Will Trex decking easily scratch, becoming an eyesore every time you walk outside? We’ve spoken to many homeowners who have the same concern; they ask questions like:
Will patio furniture or dogs scratch Trex decking?
How do I prevent scratches on my Trex deck?
How to get scratches out of composite decking?
What’s the best scratch-resistant composite deck?
These are all great questions and valid concerns; keep reading, and we’ll give you the answers to put your mind at ease.
Built to Resist Wear and Tear
Unlike painted wood decks, Trex or any composite decking won’t scratch or scuff easily. It’s also highly resistant to marring (the disfiguration or sheen that you sometimes see after dragging a heavy object across a wood deck).
Beyond that, Trex decking is also resistant to fading, staining, mold and mildew. There’s no need to worry about guests spilling drinks or using a grill mat while BBQing on a summer day. Because, unlike some PVC options, there’s no chance of a chemical reaction between water, rubber, and Trex.
What’s gives it this durability?
You see, modern composite decking is made from 95% recycled material and is “capped” with a hard coating of plastic that resembles wood. The resulting board is textured and highly durable, helping withstand scratches while looking great for many years.
Preventing Scratches on Trex Decking
It’s important to keep in mind that while Trex is scratch-resistant, it’s not scratch-proof. You generally don’t have to worry about moving patio furniture around or your dog racing across your deck. But it’s always a good idea to play it safe.
Here are a few tips to help protect your deck from scratches and surface damage:
- Avoid dragging heavy furniture, especially if it has a concrete base or sharp edges
- Watch for staples and brad nails sticking out from the bottom of furniture feet
- Add felt or rubber bottoms to metal
- When buying new chairs or tables, opt for plastic or rubber feet, if possible
- Lay down outdoor rugs or other floor coverings
- Use plastic shovels to remove snow
- Avoid pressure washing above 3100 psi
Fixing Scratches and Surface Damage
Fortunately, most scratches don’t dig deep enough to get to the core of the composite board itself. Therefore most scratches are purely aesthetic, meaning you won’t end up with a rotten or faulty board just because it’s scratched.
To fix a minor scratch or marring, here are a few of the options we’d recommend.
The most practical way to repair a scratch in your Trex deck is using a heat gun. It takes patience and isn’t guaranteed to be a 100% fix, but we’ve seen success with minor scratches.
Start by grabbing your heat gun and a heat-resistant glove. Staying back a few inches from the board, slowly run the heat gun over the scratch a few times using low heat. Now use your finger (don’t forget your glove!) and mold the area as best you can to fill in the scratch. Always be careful not to burn yourself or your deck. Using a heat gun may result in a slight sheen at the repair site.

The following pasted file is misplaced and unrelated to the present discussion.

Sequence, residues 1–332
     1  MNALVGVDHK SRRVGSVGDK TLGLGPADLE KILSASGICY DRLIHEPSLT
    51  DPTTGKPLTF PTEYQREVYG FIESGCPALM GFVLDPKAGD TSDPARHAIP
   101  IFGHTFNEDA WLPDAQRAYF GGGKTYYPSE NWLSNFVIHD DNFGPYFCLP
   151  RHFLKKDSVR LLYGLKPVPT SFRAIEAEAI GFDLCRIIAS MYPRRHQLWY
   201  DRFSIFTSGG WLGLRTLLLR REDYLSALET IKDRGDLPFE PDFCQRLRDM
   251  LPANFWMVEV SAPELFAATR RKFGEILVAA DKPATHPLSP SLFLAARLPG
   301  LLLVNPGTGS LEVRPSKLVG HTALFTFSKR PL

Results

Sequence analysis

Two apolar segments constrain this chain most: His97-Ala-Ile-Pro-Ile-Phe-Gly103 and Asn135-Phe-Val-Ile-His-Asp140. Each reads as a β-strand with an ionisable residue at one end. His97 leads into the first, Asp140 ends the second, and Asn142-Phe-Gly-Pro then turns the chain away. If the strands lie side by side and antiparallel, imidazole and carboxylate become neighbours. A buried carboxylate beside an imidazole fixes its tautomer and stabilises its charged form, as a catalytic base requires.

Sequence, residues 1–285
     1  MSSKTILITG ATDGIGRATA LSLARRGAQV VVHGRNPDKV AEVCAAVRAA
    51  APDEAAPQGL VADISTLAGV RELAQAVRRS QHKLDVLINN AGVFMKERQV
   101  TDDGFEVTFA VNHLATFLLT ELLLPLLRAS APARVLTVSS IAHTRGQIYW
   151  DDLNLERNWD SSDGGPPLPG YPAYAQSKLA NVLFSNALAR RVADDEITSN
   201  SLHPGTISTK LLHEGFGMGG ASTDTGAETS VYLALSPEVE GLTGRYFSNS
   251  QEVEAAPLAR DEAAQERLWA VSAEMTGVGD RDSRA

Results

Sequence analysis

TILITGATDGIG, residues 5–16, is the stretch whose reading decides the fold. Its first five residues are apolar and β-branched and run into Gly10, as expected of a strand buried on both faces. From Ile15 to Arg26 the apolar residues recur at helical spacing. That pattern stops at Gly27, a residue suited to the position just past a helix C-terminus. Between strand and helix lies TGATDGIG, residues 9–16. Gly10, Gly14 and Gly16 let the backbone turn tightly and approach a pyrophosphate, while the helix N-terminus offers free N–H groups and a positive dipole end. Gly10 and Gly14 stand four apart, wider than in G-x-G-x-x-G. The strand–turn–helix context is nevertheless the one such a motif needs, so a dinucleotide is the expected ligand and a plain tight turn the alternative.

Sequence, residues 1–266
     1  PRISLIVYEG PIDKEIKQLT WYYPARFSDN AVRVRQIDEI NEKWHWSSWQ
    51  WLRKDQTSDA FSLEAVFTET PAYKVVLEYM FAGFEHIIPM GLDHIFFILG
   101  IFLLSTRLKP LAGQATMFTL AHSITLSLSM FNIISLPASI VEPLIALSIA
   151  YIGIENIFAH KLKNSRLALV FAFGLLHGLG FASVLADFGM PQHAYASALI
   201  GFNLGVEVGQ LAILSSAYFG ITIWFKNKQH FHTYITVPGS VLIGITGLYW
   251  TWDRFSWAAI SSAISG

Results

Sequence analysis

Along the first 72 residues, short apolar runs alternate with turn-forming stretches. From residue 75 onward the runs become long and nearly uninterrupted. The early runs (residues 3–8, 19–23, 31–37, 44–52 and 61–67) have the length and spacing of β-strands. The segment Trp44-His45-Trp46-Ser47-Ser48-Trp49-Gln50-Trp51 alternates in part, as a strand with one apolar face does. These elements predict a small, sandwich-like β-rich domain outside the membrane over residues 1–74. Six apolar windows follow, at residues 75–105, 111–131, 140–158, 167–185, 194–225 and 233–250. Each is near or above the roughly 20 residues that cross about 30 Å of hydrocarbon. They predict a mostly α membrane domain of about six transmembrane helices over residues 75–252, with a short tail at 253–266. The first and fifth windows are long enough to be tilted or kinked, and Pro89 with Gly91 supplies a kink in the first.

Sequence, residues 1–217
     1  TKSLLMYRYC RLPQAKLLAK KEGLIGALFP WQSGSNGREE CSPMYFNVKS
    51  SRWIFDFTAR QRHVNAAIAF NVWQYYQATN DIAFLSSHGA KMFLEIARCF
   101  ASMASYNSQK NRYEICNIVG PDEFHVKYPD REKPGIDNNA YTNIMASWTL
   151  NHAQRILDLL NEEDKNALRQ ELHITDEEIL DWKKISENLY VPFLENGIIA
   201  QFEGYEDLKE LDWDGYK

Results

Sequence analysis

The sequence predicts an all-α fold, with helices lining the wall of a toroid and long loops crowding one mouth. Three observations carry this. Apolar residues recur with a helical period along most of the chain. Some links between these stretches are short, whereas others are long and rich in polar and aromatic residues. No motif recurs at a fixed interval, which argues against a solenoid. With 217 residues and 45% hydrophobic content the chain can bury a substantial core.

If repair work isn’t your forte, then replacing your scratched board is the next best thing. If you have a new generation of Trex decking (post-2009), you can simply replace the damaged board. The new capped composite style doesn’t fade in the sun or stain, so you won’t have to worry about the new board looking out of place.
If you have an older generation deck, you can still replace the board and match the color as close as possible. Keep in mind that Trex no longer manufacturers early-generations composite decking, but you can still use capped composite boards as replacements.
If you aren’t keen on replacing the board right away, you can also hide scratches by covering them with furniture or an outdoor rug.
Out of sight, out of mind, right?
What’s the Most Scratch Resistant Trex Decking?
There are three different tiers of Trex; the capped composite differs slightly between each line. While they’ll all resist surface damage, they do vary in durability. Here’s a quick guide:
- Transcend is the most durable but also the most expensive
- Select comes in second for its durability and price range
- Enhance is the least durable out of the three but most cost-effective
Although Enhance is considered the least durable, it’s significantly better at hiding mars and scratching than Trex Select decking. For that reason, Enhance gives you the biggest bang for your buck and is one of Trex’s most popular decking choices.
Trex decking will stand up to the wear and tear of using your deck to its fullest potential. Its unique, durable build effectively resists scratching and weathering, and replacing damaged boards is simple. These reasons are why it remains one of the best options for a low-maintenance deck that’ll last you for years to come.
Curious and want to learn more? Check out our blog.
Do you live in the southeast Michigan area and are ready for a deck of your own? Get in touch with us at Custom Deck Creations; Trex decking is our specialty. We’d love to chat about your project and answer any questions you have.